Development news: engine 2.0

January 26, 2010
Screenshot from scene_manager_demos — two VRML scenes and one precalculated animation at once
Another screenshot from scene_manager_demos

During the last weeks I did a lot of work on the engine API. Especially the new Scene Manager approach makes quite a revolutionary change, and there's also 2D Controls manager, better Lazarus components and many more. Together, I feel these are so important for developers using my engine that the next engine version will be bumped to proud 2.0.0 :) To be released next month.

Not much noticeable for a normal user (sorry; although there are various fixes and improvements here and there). Below news post turned out quite long, and I'll keep passing you links to the current API reference of SVN code, so... developers: keep reading if you're interested, and others: well, this may get dirty, so you can stop reading now :)

  1. The number one reason behind all these changes is that it was too difficult to add new stuff to your window. This concerned 3D stuff, mainly the two most important classes of our engine: TVRMLGLScene and TVRMLGLAnimation. And it also concerned 2D controls, for example our menu with fancy GUI sliders: TGLMenu (this was used in castle and recent examples/vrml/terrain demo).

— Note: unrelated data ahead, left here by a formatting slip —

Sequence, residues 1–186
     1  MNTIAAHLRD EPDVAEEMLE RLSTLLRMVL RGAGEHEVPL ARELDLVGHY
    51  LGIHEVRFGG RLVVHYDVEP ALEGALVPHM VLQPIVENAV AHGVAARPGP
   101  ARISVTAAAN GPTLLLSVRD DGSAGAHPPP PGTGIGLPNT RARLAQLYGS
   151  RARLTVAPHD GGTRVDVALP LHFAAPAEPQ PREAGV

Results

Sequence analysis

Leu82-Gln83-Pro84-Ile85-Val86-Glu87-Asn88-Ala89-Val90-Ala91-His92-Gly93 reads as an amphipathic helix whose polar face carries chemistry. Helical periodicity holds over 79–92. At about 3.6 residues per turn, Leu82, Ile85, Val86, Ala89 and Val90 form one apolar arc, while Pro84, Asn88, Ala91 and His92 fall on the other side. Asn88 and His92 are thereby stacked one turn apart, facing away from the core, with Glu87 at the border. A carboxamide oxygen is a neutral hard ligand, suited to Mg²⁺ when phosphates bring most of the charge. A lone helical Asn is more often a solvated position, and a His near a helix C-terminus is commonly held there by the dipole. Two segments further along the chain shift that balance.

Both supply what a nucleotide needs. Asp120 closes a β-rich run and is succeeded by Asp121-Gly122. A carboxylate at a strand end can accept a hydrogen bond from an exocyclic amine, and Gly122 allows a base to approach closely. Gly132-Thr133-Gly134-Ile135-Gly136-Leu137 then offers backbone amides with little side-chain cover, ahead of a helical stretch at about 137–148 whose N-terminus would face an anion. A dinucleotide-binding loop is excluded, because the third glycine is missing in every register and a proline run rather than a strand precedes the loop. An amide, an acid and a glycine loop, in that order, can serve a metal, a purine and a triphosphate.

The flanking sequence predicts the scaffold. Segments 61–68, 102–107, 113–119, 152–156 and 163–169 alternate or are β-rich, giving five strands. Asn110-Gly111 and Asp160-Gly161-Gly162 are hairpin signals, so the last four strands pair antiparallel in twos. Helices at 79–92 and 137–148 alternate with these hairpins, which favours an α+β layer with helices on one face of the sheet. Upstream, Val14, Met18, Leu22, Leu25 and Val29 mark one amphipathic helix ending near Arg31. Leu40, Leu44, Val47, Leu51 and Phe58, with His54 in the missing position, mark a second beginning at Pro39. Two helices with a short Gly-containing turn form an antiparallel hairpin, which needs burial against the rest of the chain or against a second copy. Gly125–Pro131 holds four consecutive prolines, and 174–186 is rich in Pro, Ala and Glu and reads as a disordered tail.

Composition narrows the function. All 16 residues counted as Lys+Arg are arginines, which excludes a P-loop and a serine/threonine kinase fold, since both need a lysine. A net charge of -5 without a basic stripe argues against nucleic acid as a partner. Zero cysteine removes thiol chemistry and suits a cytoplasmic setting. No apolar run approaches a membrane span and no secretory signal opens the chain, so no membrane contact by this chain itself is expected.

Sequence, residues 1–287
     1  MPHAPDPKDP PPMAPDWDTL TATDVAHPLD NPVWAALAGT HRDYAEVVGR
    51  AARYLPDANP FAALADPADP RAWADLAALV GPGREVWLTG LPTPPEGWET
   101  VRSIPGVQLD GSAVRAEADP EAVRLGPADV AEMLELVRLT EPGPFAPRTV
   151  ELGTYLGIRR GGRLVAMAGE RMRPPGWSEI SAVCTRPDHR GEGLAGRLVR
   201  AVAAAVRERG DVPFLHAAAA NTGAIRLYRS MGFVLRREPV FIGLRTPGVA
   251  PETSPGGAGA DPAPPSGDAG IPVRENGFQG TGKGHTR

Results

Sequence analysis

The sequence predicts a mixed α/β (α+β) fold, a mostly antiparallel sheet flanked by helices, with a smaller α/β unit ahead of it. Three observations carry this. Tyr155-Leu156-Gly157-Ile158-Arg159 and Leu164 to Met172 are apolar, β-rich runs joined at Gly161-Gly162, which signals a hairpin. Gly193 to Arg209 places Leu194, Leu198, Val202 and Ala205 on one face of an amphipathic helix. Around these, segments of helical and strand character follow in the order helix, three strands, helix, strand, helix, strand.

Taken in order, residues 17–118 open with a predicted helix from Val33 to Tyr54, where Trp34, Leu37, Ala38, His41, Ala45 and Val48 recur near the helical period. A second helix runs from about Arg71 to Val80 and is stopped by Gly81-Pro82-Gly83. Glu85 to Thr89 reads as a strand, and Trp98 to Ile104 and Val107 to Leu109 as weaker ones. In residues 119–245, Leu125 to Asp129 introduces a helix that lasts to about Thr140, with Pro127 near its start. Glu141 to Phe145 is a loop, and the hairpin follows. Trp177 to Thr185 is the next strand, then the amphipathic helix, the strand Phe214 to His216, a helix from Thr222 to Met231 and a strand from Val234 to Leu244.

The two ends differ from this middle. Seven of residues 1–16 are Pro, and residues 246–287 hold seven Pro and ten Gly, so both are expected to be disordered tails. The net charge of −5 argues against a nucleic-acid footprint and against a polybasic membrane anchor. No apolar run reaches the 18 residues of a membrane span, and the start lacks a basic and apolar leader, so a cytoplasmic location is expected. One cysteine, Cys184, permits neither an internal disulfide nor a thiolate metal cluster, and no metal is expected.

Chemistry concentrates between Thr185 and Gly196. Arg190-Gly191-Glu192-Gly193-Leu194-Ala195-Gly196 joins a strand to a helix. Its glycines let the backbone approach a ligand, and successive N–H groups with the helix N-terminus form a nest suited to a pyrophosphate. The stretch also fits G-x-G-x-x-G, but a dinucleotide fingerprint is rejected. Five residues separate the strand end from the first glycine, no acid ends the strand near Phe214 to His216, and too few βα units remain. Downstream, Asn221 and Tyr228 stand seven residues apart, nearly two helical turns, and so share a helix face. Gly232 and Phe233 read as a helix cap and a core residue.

The goal: the goal (already achieved :) ) is to allow you to make a full 3D model viewer / VRML browser (with collisions, fully optimized rendering etc.) by this simple code:

      Window: TGLUIWindow;
      SceneManager: TKamSceneManager;
      Scene: TVRMLGLScene;
      Scene := TVRMLGLScene.Create(Application { Owner that will free the Scene });
      Scene.Spatial := [ssRendering, ssDynamicCollisions];
      Scene.ProcessEvents := true;
      SceneManager := TKamSceneManager.Create(Application);
      SceneManager.MainScene := Scene;
      Window := TGLUIWindow.Create(Application);

    (The source code of this is in scene_manager_basic demo inside engine examples. There's also more extensive demo in the scene_manager_demos sample.)

    This looks nice a relatively straighforward, right? You create 3D object (Scene), you create 3D world (SceneManager), and a window to display the 3D world (Window). What is really the point here is that you immediately know how to add a second 3D object: just create Scene2, and add it to SceneManager.Items.

    The idea of scene manager will soon be explained in more detail, for now let's go a litle back in time and see what was wrong without the scene manager:

    The trouble: our existing classes were nicely encapsulating some functionality (showing menu, rendering VRML etc.) but they were a pain to add to your window / 3D world.

    You could use something like TGLWindowVRMLBrowser (or equivalent Lazarus component, TKamVRMLBrowser) but these offered too little flexibility. They were made to allow easily loading only one scene.